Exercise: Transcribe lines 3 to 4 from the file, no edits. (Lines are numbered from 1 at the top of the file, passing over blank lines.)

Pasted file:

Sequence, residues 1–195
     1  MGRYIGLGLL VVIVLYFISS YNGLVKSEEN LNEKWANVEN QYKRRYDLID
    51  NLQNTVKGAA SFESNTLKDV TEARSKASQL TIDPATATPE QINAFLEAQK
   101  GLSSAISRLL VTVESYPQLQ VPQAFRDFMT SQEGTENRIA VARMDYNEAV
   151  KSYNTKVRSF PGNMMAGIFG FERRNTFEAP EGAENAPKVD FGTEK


    51  NLQNTVKGAA SFESNTLKDV TEARSKASQL TIDPATATPE QINAFLEAQK
   101  GLSSAISRLL VTVESYPQLQ VPQAFRDFMT SQEGTENRIA VARMDYNEAV